I’ve been submitting to Writers of the Future (WotF) since 2004. Of my 41 submissions, 18 have earned an honorable mention, including my latest for Q4 of 2015. That’s a pretty good record, though of course I would have preferred to rank higher in the contest. With my indie publishing and continuing to submit short stories to pro markets, though not at the rate I used to, I hope not to be eligible soon enough, but until I am, I’ll try to get something in by the deadline each quarter.
From the guidelines: The Contest is open only to those who have not professionally published a novel or short novel, or more than one novelette, or more than three short stories, in any medium. Professional publication is deemed to be payment of at least six cents per word, and at least 5,000 copies, or 5,000 hits.
Writers of the Future is not the fastest pro market, nor does it offer feedback on your submissions beyond the placement. However, the placement itself gives me a sense of whether my story is working or not before I use up all the pro markets on my list, while sometimes the delay offers distance to reveal flaws I couldn’t previously see.
If you do manage to get into the coveted ranks, the rewards are solid and the chance to be read by authors who have been among some of my favorites as a reader can be a good motivator. The steady deadline of every three months is also good for keeping me in the short story market when it’s so easy to be consumed by my indie efforts. Then you have only to look at what some of the winners have done with their careers to see many have used this as a jumping off point.
An earlier draft of Forged is one of my honorable mentions. This story went on to place in another contest against authors who had been repeatedly published in pro markets as I have not. Online publication was part of the contest, and my story is now available as an eBook as well.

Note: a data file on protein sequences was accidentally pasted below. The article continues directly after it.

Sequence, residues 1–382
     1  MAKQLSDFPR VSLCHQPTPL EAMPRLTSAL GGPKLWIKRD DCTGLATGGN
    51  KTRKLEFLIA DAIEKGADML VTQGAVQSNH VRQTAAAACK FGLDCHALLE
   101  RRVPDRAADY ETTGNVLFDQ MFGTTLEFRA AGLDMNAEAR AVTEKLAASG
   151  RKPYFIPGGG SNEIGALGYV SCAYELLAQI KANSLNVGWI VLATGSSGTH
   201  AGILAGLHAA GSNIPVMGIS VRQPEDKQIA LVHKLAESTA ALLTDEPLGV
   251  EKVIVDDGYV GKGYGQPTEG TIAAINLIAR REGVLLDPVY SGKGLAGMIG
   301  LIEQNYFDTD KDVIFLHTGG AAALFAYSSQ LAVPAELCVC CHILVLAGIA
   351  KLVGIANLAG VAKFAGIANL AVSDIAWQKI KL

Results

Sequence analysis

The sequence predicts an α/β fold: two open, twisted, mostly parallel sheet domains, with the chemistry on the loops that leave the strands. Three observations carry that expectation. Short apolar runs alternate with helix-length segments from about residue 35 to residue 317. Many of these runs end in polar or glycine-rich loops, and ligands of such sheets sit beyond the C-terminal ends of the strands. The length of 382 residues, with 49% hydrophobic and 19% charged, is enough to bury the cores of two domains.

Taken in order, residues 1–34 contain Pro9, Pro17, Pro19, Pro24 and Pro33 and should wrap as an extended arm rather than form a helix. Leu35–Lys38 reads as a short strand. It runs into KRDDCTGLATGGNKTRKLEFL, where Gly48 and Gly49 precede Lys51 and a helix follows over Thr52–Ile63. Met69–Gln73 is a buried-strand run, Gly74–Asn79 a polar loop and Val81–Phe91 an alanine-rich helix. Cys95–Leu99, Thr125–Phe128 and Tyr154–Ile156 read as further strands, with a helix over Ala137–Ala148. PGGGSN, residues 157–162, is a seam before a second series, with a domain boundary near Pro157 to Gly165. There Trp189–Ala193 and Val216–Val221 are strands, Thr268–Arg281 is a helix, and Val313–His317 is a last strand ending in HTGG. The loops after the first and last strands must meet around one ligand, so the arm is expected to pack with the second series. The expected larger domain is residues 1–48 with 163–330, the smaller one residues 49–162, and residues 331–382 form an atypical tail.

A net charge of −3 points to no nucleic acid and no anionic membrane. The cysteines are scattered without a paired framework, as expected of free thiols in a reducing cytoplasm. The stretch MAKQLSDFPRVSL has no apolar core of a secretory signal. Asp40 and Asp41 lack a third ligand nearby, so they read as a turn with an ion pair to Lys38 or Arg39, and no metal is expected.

Other honorable mention short stories are still making the rounds, since shorter works are not my focus, but several have made it to the final stage of consideration, two being held by pro editors for years before being released back out into the wild. This is why I say WotF is a good judge of the story’s strengths. I don’t abandon the stories that don’t make the cut, but I’m more confident I’ve hit the right mark with those that do.
A couple things to remember:
* Despite the title, this is not some objective process. The stories one judge prefers might not be the same as the stories the next does. Just like any market, editorial subjectivity applies. I had a couple of years where none of my stories connected with the then judge. Whether the stories or particular taste was at issue, I’ll never know for sure.
* Again, despite the title, the contest is considering one story. It’s not judging your abilities as a whole. If this short story doesn’t make it, there’s always next quarter.
* While getting rapid results can make you feel like you’re getting somewhere, the delay can work for you and allow you to see the work’s flaws as well as its gems.
* Not everyone is a short story writer. This last has been something I’ve struggled with. I do write both long and short, and a number of my short stories are powerful. However, I go through periods when the closest I get to a short story is a novel synopsis, something I’ve come to recognize when I used to send them out as complete works. (Shafter was originally one of those.)
So, are you with me? Your story might just be the one to jump over all the rest and make it to the top, but even if you just hit the honorable mention level, it’s a good sign this story has potential. Besides, you’ll receive a pretty graphic like the one above and a lovely certificate. Especially if you’re just starting out, having a fixed deadline is a good thing…sometimes it’s a good thing even when you’ve been around for a while.
Traditional publishing is a difficult arena. As a numbers game, the numbers are always against you. But it’s not a numbers game. Speaking as someone who has been cut from anthologies because even though the editor loved my story, it didn’t go well with the other ones chosen and who has had stories held by pro editors for years only to let them go, breaking into the pro level is a complex blend of factors where your story makes up the only piece you can control.
What it comes down to is this: why not use all the methods available to you to perfect your story so it goes not into the hold pile but right to the top of the stack? Writers of the Future is one such method, with the possibility of being so much more.